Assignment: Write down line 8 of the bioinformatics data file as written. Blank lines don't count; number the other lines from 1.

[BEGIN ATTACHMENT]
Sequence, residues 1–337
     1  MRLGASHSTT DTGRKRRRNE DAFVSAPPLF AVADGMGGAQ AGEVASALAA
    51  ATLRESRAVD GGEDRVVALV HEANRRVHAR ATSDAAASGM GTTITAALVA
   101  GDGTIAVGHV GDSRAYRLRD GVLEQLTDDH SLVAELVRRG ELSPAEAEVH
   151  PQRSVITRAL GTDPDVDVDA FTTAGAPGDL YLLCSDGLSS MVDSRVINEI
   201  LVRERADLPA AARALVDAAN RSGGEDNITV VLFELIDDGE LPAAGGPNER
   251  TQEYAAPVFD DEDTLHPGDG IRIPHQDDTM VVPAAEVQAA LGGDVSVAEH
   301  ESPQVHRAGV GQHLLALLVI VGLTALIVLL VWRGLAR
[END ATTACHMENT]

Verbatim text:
   301  ESPQVHRAGV GQHLLALLVI VGLTALIVLL VWRGLAR